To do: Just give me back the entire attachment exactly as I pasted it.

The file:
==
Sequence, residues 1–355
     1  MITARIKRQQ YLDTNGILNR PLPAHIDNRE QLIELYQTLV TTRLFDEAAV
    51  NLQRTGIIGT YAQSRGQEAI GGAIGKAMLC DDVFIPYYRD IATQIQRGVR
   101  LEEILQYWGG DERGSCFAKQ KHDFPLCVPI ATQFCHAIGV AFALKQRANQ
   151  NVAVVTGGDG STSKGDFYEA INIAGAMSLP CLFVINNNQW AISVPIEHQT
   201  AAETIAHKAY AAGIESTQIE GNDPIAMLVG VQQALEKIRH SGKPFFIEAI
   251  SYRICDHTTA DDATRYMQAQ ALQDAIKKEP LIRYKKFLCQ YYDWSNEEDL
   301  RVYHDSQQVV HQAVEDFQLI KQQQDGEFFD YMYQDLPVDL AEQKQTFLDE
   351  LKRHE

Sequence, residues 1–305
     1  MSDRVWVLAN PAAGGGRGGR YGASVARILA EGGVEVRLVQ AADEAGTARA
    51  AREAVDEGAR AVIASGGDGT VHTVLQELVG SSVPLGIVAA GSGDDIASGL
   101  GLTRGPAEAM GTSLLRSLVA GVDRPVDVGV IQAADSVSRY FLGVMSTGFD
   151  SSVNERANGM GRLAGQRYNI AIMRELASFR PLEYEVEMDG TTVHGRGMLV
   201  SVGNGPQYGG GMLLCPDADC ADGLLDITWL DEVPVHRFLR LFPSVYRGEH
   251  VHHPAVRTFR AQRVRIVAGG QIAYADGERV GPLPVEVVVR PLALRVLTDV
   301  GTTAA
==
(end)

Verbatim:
Sequence, residues 1–355
     1  MITARIKRQQ YLDTNGILNR PLPAHIDNRE QLIELYQTLV TTRLFDEAAV
    51  NLQRTGIIGT YAQSRGQEAI GGAIGKAMLC DDVFIPYYRD IATQIQRGVR
   101  LEEILQYWGG DERGSCFAKQ KHDFPLCVPI ATQFCHAIGV AFALKQRANQ
   151  NVAVVTGGDG STSKGDFYEA INIAGAMSLP CLFVINNNQW AISVPIEHQT
   201  AAETIAHKAY AAGIESTQIE GNDPIAMLVG VQQALEKIRH SGKPFFIEAI
   251  SYRICDHTTA DDATRYMQAQ ALQDAIKKEP LIRYKKFLCQ YYDWSNEEDL
   301  RVYHDSQQVV HQAVEDFQLI KQQQDGEFFD YMYQDLPVDL AEQKQTFLDE
   351  LKRHE

Sequence, residues 1–305
     1  MSDRVWVLAN PAAGGGRGGR YGASVARILA EGGVEVRLVQ AADEAGTARA
    51  AREAVDEGAR AVIASGGDGT VHTVLQELVG SSVPLGIVAA GSGDDIASGL
   101  GLTRGPAEAM GTSLLRSLVA GVDRPVDVGV IQAADSVSRY FLGVMSTGFD
   151  SSVNERANGM GRLAGQRYNI AIMRELASFR PLEYEVEMDG TTVHGRGMLV
   201  SVGNGPQYGG GMLLCPDADC ADGLLDITWL DEVPVHRFLR LFPSVYRGEH
   251  VHHPAVRTFR AQRVRIVAGG QIAYADGERV GPLPVEVVVR PLALRVLTDV
   301  GTTAA